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Friday, Apr. 29, 2016

No light on Halloween

Friday, November 9, 2007

Sex offenders across Missouri are ordered to stay inside; leave porch light off

Jan Thompson

Staff Writer

OREGON COUNTY -- Although there is no law on the books related to registered sex offenders and Halloween night in Missouri, Oregon County Sheriff Tim Ward said approximately 1,800 sex offenders in the state on parole or probation were ordered by the Missouri Department of Corrections not to participate in Halloween this year.

"This meant they were ordered to stay inside their homes, workplaces or in some cases, at an approved therapy session last Wednesday night," the sheriff said.

Ward said they could not keep their porch lights on and could not open their doors to trick-or-treaters.

Ward said he thinks this is a great idea. "Anytime a child can be protected from abuse or even potential abuse I think it's good," he said.

According to Missouri Department of Corrections spokesperson Brian Hauswirth, the policy is aimed at keeping kids safe on Halloween. "Sex offenders being monitored under a supervised agreement with the state must follow this directive or could face the legal consequences," he said

Ward said there are 25 registered sex offenders in the county. He said he has no way of knowing if in that number any of them are on probation or parole.

Richard Chronister with the District 13 Probation and Parole office was called to see how many, if any, of the registered sex offenders in Oregon County were on probation or parole.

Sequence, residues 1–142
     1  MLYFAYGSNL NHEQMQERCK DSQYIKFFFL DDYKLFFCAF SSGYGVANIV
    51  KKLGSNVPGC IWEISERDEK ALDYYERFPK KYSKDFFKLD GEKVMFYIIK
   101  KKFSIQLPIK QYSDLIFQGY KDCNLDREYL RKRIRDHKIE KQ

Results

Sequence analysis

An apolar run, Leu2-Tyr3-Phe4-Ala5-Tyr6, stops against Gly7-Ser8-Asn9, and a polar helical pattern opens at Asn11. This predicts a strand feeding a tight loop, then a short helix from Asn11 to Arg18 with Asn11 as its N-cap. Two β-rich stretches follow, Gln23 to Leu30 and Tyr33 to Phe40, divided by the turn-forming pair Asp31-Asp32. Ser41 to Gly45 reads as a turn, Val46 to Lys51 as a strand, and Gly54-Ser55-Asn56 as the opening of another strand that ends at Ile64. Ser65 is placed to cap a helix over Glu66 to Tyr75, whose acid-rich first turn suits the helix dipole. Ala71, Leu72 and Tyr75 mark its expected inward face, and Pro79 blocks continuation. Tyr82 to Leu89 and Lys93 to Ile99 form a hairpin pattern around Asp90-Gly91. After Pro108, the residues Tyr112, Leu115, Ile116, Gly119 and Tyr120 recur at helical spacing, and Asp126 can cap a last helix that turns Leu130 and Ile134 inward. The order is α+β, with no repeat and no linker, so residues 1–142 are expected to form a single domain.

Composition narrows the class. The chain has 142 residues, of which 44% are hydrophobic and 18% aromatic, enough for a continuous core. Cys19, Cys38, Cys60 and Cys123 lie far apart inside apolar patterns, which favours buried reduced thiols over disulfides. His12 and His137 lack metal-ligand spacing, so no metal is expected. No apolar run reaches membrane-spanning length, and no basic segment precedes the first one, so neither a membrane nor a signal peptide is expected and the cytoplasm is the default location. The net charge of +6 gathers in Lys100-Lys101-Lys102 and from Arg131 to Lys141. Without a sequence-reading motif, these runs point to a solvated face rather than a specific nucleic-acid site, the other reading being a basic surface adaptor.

"There are three registered sex offenders in Oregon County that are currently on probation. They are, Korey Whitelock, Jimmy Gatewood and Scott Reef," Chronister said.

He said there was one registered sex offender in the county that is on parole, Joseph Hutton.

Chronister said District 13 covers seven counties in southern Missouri including Oregon County.

Hauswirth said this is the first year this program has been mandated statewide.

He said some of the districts in the state actually had their registered sex offenders, who were on probation or parole, come in and spend the evening at a designated location.

"He said in District 13 all four people were instructed what they were supposed to do on Halloween night at their group session the Monday evening before Halloween, and they all signed written statements saying they would comply with the mandate.

"In the entire state we had one fellow in Jefferson City that said he forgot and left his porch light on. We called him, he turned his porch light off and no citation was issued," Hauswirth said.

He said across the state there are 8,000 registered sex offenders.



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